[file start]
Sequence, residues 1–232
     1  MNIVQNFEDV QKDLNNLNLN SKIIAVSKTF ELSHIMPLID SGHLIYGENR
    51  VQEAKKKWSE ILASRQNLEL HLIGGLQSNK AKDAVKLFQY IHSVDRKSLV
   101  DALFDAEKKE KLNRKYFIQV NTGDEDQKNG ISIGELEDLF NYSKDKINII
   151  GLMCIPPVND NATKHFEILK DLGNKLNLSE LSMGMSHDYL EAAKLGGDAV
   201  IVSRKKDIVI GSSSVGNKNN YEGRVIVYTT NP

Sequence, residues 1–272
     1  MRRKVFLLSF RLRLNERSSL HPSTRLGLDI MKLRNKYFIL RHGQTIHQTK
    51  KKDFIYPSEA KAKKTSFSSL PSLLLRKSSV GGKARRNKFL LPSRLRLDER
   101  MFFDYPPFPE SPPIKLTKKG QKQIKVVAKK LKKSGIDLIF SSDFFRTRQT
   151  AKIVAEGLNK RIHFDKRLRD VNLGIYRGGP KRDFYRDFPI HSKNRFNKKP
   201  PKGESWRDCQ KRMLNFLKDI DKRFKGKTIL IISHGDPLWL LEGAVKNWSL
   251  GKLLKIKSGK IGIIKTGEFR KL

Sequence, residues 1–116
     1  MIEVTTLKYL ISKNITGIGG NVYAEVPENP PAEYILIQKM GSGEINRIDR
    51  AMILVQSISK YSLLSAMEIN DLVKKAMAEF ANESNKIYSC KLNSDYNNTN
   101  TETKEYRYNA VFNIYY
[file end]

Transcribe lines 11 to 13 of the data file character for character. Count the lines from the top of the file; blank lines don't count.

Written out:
   151  AKIVAEGLNK RIHFDKRLRD VNLGIYRGGP KRDFYRDFPI HSKNRFNKKP
   201  PKGESWRDCQ KRMLNFLKDI DKRFKGKTIL IISHGDPLWL LEGAVKNWSL
   251  GKLLKIKSGK IGIIKTGEFR KL